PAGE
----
It seems like every other day there’s a new diet trend out there trying to catch our attention. If you’ve ever fallen for a fad diet though and got burned, you might be reluctant to try another one.
That’s not necessarily a bad thing. Just because a diet gets a ton of media attention doesn’t always mean it’s the best choice for your body. Take DNA-based dieting, for instance. There’s been plenty of hubbub surrounding this diet, but does that make it worth trying or just another fad?
Let’s find out.
What Is DNA-Based Dieting?
DNA-based dieting seeks to remove the one-size-fits-all diets that don’t work for every body. Your special genes or DNA should dictate what you should (and shouldn’t) eat and how often to exercise.
The thought then is because the dieting plan is ultra-specific to you, it’ll work better. It’s no wonder that a slew of companies have started offering DNA-based dieting services. If you do choose to embark on this diet, you’ll work with these companies, offering up blood samples, fecal samples, or other pieces of yourself.
Then you’ll receive your results and dietary information. Of course, the same companies that do the DNA testing often have their own brand of food they try to sell you on. This doesn’t come cheap, either.
At first glance, the DNA-based diet seems perfect for those who have failed at dropping pounds with one-size-fits-all diets in the past. This diet seems made just for them, so of course it’s going to work, right? Well, like all diets, there are probably some people who have had spectacular results with a DNA-based diet.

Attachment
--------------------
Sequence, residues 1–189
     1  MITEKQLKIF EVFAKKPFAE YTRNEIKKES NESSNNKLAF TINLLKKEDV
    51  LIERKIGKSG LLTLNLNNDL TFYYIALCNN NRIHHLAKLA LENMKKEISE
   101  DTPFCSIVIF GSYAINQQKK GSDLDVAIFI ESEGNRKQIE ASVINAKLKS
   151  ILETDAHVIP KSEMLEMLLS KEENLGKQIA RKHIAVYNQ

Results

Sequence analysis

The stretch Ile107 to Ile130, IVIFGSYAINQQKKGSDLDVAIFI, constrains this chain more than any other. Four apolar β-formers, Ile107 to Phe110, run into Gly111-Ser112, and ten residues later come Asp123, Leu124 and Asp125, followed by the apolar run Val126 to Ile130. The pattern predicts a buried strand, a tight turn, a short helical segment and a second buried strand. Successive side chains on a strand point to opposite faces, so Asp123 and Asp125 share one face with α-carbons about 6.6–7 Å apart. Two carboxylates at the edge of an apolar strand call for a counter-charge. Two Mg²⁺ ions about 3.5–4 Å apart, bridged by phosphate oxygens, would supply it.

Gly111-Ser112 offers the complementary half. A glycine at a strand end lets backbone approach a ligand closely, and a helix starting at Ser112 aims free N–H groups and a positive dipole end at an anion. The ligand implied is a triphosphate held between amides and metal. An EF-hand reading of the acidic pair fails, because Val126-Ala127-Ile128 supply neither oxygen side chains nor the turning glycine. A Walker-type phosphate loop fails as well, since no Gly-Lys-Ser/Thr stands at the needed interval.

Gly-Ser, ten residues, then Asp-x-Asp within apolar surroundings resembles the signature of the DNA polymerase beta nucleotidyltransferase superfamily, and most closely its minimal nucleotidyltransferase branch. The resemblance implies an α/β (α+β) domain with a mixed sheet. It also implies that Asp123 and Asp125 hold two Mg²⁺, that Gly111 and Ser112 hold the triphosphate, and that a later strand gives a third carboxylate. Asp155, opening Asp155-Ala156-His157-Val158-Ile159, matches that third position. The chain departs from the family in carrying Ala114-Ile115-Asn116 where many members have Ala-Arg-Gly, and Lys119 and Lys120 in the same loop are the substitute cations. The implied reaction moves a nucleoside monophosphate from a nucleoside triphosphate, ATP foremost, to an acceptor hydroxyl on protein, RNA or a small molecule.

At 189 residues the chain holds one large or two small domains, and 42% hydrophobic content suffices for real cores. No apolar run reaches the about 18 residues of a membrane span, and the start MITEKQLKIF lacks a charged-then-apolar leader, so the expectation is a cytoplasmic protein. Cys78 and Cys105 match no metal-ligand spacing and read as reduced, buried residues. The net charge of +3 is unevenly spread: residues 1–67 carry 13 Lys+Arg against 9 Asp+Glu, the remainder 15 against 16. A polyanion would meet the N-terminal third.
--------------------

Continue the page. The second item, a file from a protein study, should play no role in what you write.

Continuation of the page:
That said, it’s not the norm. Most people will find themselves stuck in the same dieting pattern: the weight comes off at first, then they hit a plateau.
Also, a DNA-based diet is pricy, sometimes costing hundreds of dollars for the testing and specialized food.
According to a study published in the National Center for Biotechnology Information or NCBI, when several researchers reviewed DNA-based dieting (which is scientifically referred to as nutrigenomics), they stated that “commercially available nutrigenomics tests cannot be presently recommended.”
In short, that means don’t bother.
A DNA-based diet might sound like just the solution to finally slim down, but it doesn’t seem to be much different than other fad diets. Well, it will cost you more money, but that’s about it.
Header photo by Jeff Sheldon on Unsplash.